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In my last blogs, I introduced the EU project About the WASP project and showed how wireless sensor network technology can be integrated in a monitoring application for elderly people (see blog WASP monitors elderly people ).


Today, I will write about a prototype that the WASP research team is currently developing. In the research transfer project with codename “SWISH” (Secure WSN Integration into SAP CHN), the team is working on a prototype integrating a simulated wireless sensor network into a CHN application.

We consider the following business scenario:


Theo is a 75 year old widowed man who lives alone. Due to his severe heart problems (chronic heart failure), his family doctor recommended him to wear a body sensor network (BSN) that monitors his health status continuously. Associated to Theo’s heart problems the BSN delivers the following measurements: heart rate, oximetry (SpO2), blood glucose and body temperature.

Theo visits once a month his family doctor to get his health status checked. In his CHN application, the doctor enters Theo’s unique ID (social insurance number, health ID, etc.) to access the Master Patient Index and to display the Personal Health Record (PHR) of Theo.

The Personal Health Record contains the medical data collected by all stakeholders participating in the CHN, e.g. hospitals, GPs, pharmacies, rehab centers etc. The PHR contains for example the medication history of Theo, his stays in the hospital and of course the data collected from his BSN. The doctor analyses the sensor readings from the last month in order to evaluate the evolution of Theo’s heart problems. Daily and monthly reports are provided to the doctor summarizing the patient’s overall well-being and providing graphs of sensor parameters. In addition, a GP can create specific queries, for example, to see the patient’s heart rate over the last 3 days. The doctor profits also from the systems’ potential to detect deteriorations and abnormal episodes automatically.


Beside the nice story, the main challenge is to connect Theo’s BSN to the CHN application. To make this possible, the WASP team developed an Enterprise Integration Component (EIC) to mediate between the WSN and the business application. Based on the SOA principle and implemented on SAP NetWeaver, the EIC contains all necessary services to connect to a WSN gateway, store and process the sensor data and make them available to a healthcare application, like used from Theo’s family doctor. Special security services are in place to ensure the privacy of the patient and allow only access to the data for authorized persons.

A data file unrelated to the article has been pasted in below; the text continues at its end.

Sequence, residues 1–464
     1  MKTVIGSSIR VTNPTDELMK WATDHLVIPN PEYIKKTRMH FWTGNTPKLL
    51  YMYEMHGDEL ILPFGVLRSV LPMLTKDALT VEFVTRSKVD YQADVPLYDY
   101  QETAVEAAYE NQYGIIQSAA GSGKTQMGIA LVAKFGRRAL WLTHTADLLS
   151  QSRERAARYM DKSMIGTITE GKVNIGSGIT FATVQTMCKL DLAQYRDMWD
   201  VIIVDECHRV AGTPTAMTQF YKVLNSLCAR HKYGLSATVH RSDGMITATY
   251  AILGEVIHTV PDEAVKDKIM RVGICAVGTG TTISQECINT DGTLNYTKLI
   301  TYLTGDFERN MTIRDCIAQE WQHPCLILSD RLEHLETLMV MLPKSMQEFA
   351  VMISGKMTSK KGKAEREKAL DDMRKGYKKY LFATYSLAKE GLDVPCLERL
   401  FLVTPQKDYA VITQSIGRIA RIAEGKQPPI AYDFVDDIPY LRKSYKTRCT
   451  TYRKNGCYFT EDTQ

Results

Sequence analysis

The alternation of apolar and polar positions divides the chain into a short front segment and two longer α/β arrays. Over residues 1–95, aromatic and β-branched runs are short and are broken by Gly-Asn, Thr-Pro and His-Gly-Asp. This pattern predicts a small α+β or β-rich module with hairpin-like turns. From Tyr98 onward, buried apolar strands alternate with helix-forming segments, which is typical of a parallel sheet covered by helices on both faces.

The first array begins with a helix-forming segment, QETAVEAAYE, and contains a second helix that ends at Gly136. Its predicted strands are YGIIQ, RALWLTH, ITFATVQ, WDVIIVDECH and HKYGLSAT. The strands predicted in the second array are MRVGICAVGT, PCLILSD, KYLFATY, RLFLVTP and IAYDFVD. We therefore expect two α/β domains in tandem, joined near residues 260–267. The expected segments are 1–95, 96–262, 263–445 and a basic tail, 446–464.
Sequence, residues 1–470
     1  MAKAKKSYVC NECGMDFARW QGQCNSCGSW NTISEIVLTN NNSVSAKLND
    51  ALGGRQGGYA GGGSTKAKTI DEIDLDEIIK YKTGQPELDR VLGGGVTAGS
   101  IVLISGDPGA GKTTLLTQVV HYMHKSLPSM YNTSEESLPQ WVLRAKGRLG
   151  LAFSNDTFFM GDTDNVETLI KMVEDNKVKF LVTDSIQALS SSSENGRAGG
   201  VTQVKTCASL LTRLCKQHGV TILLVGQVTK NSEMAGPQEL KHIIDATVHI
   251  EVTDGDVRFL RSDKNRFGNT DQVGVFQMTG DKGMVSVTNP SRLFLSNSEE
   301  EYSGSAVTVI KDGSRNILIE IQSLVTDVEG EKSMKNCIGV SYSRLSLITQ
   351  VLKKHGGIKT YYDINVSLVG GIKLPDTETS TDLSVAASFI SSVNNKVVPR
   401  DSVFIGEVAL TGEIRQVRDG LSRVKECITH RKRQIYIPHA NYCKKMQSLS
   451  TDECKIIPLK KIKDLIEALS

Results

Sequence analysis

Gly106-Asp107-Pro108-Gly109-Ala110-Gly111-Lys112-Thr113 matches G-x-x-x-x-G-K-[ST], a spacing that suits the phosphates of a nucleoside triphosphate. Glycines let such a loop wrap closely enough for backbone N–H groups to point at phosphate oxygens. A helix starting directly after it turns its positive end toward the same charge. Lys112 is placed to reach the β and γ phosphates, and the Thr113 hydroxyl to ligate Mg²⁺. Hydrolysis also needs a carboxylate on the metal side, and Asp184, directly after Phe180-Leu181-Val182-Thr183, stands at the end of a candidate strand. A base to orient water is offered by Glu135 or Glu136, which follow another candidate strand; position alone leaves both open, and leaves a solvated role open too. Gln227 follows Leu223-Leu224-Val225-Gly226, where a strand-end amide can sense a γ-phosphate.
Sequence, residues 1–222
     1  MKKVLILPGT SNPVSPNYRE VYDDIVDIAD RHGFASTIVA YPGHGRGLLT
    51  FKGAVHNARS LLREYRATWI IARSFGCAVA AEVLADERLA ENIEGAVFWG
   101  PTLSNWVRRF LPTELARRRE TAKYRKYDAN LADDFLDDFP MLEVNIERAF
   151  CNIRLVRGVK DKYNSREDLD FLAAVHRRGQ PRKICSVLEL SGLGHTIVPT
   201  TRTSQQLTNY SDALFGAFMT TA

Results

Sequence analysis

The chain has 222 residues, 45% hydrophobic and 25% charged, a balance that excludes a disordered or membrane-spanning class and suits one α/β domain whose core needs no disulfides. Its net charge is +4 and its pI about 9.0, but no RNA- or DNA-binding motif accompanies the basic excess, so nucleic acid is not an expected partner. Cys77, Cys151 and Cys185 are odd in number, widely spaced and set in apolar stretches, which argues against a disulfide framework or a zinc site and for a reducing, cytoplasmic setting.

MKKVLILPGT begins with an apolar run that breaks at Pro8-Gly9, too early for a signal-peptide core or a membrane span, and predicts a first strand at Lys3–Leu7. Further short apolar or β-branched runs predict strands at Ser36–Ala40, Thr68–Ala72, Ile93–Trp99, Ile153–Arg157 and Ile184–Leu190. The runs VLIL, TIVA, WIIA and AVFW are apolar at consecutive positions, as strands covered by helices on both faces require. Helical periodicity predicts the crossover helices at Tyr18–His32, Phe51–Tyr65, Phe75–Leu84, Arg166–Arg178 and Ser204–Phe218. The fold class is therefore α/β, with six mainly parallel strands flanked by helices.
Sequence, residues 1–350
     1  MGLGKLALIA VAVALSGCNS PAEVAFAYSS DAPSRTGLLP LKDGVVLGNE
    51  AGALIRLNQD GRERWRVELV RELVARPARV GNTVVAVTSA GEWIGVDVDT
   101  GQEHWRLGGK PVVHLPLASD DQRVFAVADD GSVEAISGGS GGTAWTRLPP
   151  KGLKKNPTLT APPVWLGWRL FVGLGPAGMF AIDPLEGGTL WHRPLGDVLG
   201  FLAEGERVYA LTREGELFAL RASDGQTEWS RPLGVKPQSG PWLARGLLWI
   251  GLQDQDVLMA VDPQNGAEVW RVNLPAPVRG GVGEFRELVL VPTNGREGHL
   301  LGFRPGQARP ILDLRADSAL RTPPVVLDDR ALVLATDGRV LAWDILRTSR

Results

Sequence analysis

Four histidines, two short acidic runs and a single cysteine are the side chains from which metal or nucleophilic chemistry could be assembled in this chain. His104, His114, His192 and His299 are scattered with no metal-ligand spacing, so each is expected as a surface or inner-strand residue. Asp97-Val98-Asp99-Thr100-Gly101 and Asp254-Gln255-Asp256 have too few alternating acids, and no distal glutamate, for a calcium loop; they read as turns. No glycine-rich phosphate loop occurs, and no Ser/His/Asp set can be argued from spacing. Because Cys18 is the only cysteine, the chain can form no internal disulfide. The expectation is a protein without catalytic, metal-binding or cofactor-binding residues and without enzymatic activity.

For fast prototyping, in the first implementation of the body sensor network is simulated in a WSN simulation framework called Ptolemy II. We hope that a latter prototype will contain a real Body Sensor Network, based on the technology developed in the WASP project.

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    1. Hi Claudius,
      This report is very interesting and addresses a lot of security and privacy issues.
      Indeed, in the WASP project, SAP Research is dealing with similar issues in scenarios involving wireless sensor networks. But there is a main difference between the implantable devices mentioned in the article and sensor node.
      The implantable devices, like the pace-makers, are just small actuators with an antenna to be programmed. There is a focus on the medical functionality and on a long lifetime for these devices as the battery can not easily be replaced.
      Sensor nodes are able to take different kind of physical measurements and send them via gateways to a backend application. Patients can not be affected by sensor nodes. The sensed information can be very sensible and has to be protected from unauthorized access. The good news: sensor nodes in general are almost like mini-computers with a complex operating system on which you can deploy security suites to prevent many of the attacks presented in the article.
      Kind regards,

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